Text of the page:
Italy may be experiencing dire economic woes, but its chief asset, amore, continues to thrive in Woody Allen’s “To Rome with Love.”
Italy may be experiencing dire economic woes, but its chief asset, amore, continues to thrive in Woody Allen’s “To Rome with Love.” He distributes it in just about every denomination, too, from start-ups to lucrative bonds. And on the other side of the coin, he reveals foolishness, despair and regret on the part of investors who got in too deep with volatile commodities. Question is: Is all this trading in emotions worth a share of your time?
Hard to say. I guess it depends on how bullish you are on Allen, who made a killing with his last IPO, “Midnight in Paris.” Not only did he make millions on it, he brought home a brick of gold molded in the shape of an Oscar. But in moving his base of operations from France to The Eternal City, Allen apparently forgot to pack his imagination, because “To Rome with Love” feels too much like a knockoff of past creations, sending profit indicators pointing downward.
What’s notable about his latest offering is his decision to diversify his talents among various scenarios built on the value of his blue-chip actors more than on his behind-the-scene contributions as CEO. In fact, he’s at his best when he does his “Undercover Boss” thing – stepping in front of Darius Khondji’s camera to join the ensemble by pretending to be, of all things, a retired opera promoter named Jerry, who travels to Rome with his wife, Phyllis (Judy Davis), to meet the Italian-born fiancé (Flavio Parenti) of their daughter, Hayley (Alison Pill). And in the process of doing so, discovers that his future son-in-law’s father, a Roman undertaker (real-life tenor Fabio Armiliato), has a voice like Pavarotti that he wants to reveal to the world, and thus re-establish his standing among the opera elite. Only problem is, the guy can’t sing unless he’s in the shower, ergo setting the stage, literally, for some pretty hilarious third-act antics.
It’s a winner, to be sure. But I’m even higher on another piece of “Rome’s” portfolio involving Alec Baldwin and Jesse Eisenberg as two peas from the same stupid-at-love pod. They randomly meet on a street corner near where Baldwin’s John once lived while attending architectural school. Immediately, he sees himself in Eisenberg’s gullible and impetuous, Jack. For the next several hours, John takes the lad under his wing, dispensing advice, including an emphatic warning not to fall for Monica (a never-better Ellen Page), the deceptively seductive BFF of Jack’s trusting girlfriend, Sally (the ubiquitous Greta Gerwig). The kicker is that the girls can’t see John, who can either be perceived as a reincarnation of the Bogart character from Allen’s “Play it Again Sam,” or simply a regret-filled man revisiting his youth through wizened eyes. Either way, it works beautifully thanks in large part to the magic Eisenberg and Page conjure during their whirlwind romance carried out amid the seductive beauty of Rome. And, as for Baldwin, he’s seldom been more charming, leaving you cursing Allen for not focusing the entire movie on him and the kids.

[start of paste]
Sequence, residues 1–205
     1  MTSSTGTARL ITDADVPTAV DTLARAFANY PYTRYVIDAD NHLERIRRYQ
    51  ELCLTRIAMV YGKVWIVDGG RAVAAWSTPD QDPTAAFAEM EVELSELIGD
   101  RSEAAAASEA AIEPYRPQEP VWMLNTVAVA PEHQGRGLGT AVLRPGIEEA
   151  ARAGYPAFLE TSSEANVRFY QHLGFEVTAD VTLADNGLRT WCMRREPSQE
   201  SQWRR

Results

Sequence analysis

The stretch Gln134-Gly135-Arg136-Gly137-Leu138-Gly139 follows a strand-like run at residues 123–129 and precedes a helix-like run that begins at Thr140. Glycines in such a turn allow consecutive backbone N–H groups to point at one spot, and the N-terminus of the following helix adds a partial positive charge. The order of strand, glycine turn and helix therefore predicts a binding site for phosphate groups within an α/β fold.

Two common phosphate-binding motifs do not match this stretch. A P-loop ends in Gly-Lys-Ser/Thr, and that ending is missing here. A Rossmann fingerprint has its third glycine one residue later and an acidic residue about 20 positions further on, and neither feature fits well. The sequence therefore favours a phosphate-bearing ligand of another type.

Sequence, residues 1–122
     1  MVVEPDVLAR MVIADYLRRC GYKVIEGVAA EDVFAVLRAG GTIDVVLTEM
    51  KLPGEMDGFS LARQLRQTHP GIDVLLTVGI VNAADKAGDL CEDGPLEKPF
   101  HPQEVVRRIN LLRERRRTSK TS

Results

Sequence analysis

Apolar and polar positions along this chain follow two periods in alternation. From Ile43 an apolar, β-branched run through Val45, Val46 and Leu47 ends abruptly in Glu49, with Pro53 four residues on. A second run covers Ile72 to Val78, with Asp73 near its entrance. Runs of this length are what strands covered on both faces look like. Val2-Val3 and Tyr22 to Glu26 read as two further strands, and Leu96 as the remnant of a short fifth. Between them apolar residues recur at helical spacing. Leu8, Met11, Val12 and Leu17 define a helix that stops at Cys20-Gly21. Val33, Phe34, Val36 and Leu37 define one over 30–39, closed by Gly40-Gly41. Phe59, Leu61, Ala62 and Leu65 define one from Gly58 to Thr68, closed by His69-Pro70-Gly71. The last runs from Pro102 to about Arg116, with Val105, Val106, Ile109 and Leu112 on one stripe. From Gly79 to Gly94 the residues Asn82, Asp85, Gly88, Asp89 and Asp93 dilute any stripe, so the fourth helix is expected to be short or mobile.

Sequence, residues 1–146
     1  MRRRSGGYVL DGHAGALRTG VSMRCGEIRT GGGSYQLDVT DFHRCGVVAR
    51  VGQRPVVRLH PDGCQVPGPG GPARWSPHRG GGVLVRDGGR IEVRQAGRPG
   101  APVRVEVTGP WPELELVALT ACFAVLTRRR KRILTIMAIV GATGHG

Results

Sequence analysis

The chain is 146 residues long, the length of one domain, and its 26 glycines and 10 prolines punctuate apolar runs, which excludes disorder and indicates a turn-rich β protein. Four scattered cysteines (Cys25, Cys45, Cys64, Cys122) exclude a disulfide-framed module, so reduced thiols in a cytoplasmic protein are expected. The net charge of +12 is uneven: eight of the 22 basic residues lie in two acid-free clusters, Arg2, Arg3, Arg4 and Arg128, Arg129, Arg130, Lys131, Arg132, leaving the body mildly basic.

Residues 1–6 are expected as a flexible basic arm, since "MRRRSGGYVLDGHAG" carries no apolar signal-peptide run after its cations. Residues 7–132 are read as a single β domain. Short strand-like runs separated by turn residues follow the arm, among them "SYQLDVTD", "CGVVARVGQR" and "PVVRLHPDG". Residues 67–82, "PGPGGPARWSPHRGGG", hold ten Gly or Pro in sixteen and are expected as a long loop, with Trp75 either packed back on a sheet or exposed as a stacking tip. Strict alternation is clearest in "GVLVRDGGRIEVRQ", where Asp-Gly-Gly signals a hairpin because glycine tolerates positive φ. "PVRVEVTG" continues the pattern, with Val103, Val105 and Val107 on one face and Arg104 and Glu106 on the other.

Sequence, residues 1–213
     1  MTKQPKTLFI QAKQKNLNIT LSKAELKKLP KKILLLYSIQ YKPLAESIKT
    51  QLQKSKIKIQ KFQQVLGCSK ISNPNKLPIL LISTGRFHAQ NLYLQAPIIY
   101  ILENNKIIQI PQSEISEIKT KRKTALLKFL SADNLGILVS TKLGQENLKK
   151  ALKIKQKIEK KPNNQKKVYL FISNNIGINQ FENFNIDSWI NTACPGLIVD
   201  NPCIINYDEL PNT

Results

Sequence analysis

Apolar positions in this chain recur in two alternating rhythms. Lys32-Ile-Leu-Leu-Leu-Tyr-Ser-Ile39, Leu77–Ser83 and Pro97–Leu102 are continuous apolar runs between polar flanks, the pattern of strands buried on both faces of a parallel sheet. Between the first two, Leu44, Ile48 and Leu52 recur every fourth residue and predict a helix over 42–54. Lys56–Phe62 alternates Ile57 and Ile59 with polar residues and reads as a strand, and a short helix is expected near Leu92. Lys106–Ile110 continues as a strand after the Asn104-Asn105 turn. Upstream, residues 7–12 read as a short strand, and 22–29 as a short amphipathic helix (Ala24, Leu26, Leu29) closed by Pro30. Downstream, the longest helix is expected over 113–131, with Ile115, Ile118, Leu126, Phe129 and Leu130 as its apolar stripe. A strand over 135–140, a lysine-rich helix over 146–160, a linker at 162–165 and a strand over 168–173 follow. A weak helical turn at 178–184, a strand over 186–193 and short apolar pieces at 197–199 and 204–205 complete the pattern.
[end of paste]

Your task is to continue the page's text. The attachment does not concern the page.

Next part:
Page 2 of 2 - You rue that decision even more when “Rome’s” remaining two ventures go instantly bankrupt. The lesser of these insolvencies finds a Roman everyman (Oscar-winner Roberto Benigni) suddenly encountering fame for no discernible reason, a la Kim Kardashian. Not only does the bit defy logic, it largely mimics Allen’s vastly better “Celebrity.” Still, Benigni makes it moderately tolerable. The same, unfortunately, can’t be said for the time spent with a young Italian couple from the sticks who, in the film’s biggest contrivance, become separated and wind up in the arms of other people. For the husband (Alessandro Tiberi), lucky him, that would be a gorgeous hooker (Penelope Cruz); and for the wife (Alessandra Mastronardi), Italy’s sexiest movie star (Antonio Albanese). Yes, it’s as dumb as it sounds and should have been left on the cutting room floor.
The value of “Rome” is reduced further by Allen’s inability to fluidly meld the overlapping storylines. The shifts are often jarring, and there are times when he seems to completely forget to check in on characters, allowing them to easily slip from mind. Robert Altman, he ain’t. But he does make you laugh, sometimes uproariously. And even though Allen is closing in on 80, his one-liners remain the surest bet on Wall Street. But whether or not those gems, along with the consistently strong performances, are enough to make “Rome” worth your investment is up to you. Me, I’d take a wait (for video) and see approach. Maybe by then it will seem more like a bargain than a bust.
TO ROME WITH LOVE (R for some for some sexual references). Cast includes Woody Allen, Alec Baldwin, Judy Davis, Jesse Eisenberg, Ellen Page, Greta Gerwig and Roberto Benigni. Written and directed by Allen. 2.5 stars out of 4.